The EP has stopped subsidising its self-service restaurant, leading to price increases for staff who choose to eat there. It was even discussed in the Committee on Budgetary Control.

Investigation

Inside the Code of Conduct, the EU's most secretive group

The informal group of national officials that is in charge of checking EU countries' tax laws is now working on the first EU blacklist of tax havens, amid critiques over its lack of transparency and accountability.

Ombudsman asks for more details on Barroso case

Emily O'Reilly has asked the EU Commission to say what former commissioners should be allowed to do after they leave office and explain why it took no decision over its former president's controversial new job.

Stakeholders' Highlights

  1. EU2017EELocal Leaders Push for Local and Regional Targets to Address Climate Change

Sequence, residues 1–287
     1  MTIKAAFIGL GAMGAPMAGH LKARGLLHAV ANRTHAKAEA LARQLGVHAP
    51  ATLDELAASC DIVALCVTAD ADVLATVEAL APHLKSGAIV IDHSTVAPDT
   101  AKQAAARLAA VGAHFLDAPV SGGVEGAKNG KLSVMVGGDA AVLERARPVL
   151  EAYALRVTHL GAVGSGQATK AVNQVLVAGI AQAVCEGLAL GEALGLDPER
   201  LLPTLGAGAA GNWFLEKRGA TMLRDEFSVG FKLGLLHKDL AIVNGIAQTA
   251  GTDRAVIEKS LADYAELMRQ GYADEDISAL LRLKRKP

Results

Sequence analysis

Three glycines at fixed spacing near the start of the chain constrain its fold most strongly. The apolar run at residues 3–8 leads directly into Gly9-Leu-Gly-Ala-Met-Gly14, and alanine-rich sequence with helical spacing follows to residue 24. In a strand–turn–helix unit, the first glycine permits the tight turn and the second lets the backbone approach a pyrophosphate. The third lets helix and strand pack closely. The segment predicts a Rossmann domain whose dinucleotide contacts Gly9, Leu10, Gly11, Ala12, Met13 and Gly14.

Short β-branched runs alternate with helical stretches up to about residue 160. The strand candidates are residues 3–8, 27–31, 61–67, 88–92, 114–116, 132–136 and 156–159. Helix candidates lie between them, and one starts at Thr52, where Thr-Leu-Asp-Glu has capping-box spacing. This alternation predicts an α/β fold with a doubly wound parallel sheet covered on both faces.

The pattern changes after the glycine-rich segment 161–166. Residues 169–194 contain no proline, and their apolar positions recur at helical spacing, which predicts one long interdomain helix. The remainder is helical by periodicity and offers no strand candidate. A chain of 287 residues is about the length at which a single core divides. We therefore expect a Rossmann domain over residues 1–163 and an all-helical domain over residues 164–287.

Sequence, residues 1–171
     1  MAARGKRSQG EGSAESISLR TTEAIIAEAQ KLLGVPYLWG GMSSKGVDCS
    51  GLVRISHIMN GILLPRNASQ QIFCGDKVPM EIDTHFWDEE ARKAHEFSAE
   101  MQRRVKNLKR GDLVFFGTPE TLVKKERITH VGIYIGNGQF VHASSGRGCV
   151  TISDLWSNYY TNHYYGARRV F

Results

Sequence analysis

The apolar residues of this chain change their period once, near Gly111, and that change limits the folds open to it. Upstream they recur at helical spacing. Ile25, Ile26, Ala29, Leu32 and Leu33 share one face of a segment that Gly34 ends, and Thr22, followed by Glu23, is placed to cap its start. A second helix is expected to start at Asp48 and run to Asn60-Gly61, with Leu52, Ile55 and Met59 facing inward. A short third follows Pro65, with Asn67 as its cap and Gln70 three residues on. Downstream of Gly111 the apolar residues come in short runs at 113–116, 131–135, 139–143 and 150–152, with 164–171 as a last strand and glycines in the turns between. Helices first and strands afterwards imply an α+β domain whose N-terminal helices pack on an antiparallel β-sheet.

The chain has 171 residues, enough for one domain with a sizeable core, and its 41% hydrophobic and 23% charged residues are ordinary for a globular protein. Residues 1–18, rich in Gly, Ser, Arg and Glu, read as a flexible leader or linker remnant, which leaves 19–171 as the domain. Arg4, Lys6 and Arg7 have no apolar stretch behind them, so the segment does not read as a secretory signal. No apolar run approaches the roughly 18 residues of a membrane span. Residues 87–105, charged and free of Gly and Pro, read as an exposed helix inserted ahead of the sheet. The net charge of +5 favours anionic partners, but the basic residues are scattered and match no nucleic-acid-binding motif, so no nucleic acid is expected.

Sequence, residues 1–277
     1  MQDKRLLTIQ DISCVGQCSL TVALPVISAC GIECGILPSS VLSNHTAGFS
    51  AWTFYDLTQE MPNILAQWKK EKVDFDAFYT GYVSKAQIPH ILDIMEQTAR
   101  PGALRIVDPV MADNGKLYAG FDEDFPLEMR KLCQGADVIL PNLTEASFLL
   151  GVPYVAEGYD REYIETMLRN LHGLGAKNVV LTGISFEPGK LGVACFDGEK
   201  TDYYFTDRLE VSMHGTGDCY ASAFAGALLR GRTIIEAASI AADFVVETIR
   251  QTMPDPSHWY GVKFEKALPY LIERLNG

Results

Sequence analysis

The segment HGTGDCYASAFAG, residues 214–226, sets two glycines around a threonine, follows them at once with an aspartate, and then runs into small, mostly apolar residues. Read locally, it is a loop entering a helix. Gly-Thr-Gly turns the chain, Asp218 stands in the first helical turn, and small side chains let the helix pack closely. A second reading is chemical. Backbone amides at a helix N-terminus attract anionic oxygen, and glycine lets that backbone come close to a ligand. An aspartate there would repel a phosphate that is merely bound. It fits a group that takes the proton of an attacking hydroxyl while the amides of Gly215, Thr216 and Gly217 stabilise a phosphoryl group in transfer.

2. European Healthy Lifestyle AllianceMore Women Than Men Have Died From Heart Disease in Past 30 Years
  3. European Jewish CongressJean-Marie Le Pen Faces Trial for Oven Comments About Jewish Singer
  4. ACCAAnnounces Belt & Road Research at Shanghai Conference
  5. ECPAFood waste in the field can double without crop protection. #WithOrWithout #pesticides
  6. EU2017EEEstonia Allocates €1 Million to Alleviate Migratory Pressure From Libya in Italy
  7. Dialogue PlatformFethullah Gulen's Message on the Anniversary of the Coup Attempt in Turkey
  8. Martens CentreWeeding out Fake News: An Approach to Social Media Regulation
  9. European Jewish CongressEJC Concerned by Normalisation of Antisemitic Tropes in Hungary
  10. Counter BalanceOut for Summer Episode 1: How the EIB Sweeps a Development Fiasco Under the Rug
  11. CESICESI to Participate in Sectoral Social Dialogue Committee on Postal Services
  12. ILGA-EuropeMalta Keeps on Rocking: Marriage Equality on Its Way

Latest News

  1. US votes on sanctions against EU firms in Russia project
  2. Journalists on trial highlights Turkey's crackdown
  3. EU to give research tips on dual food quality
  4. Polish president's veto leaves uncertainties over next move
  5. EU Commission unmoved by Polish president's veto
  6. UK presses the Brexit pause button
  7. German car cartel case may take long time to prove
  8. Stronger EU-Egypt ties must not disregard human rights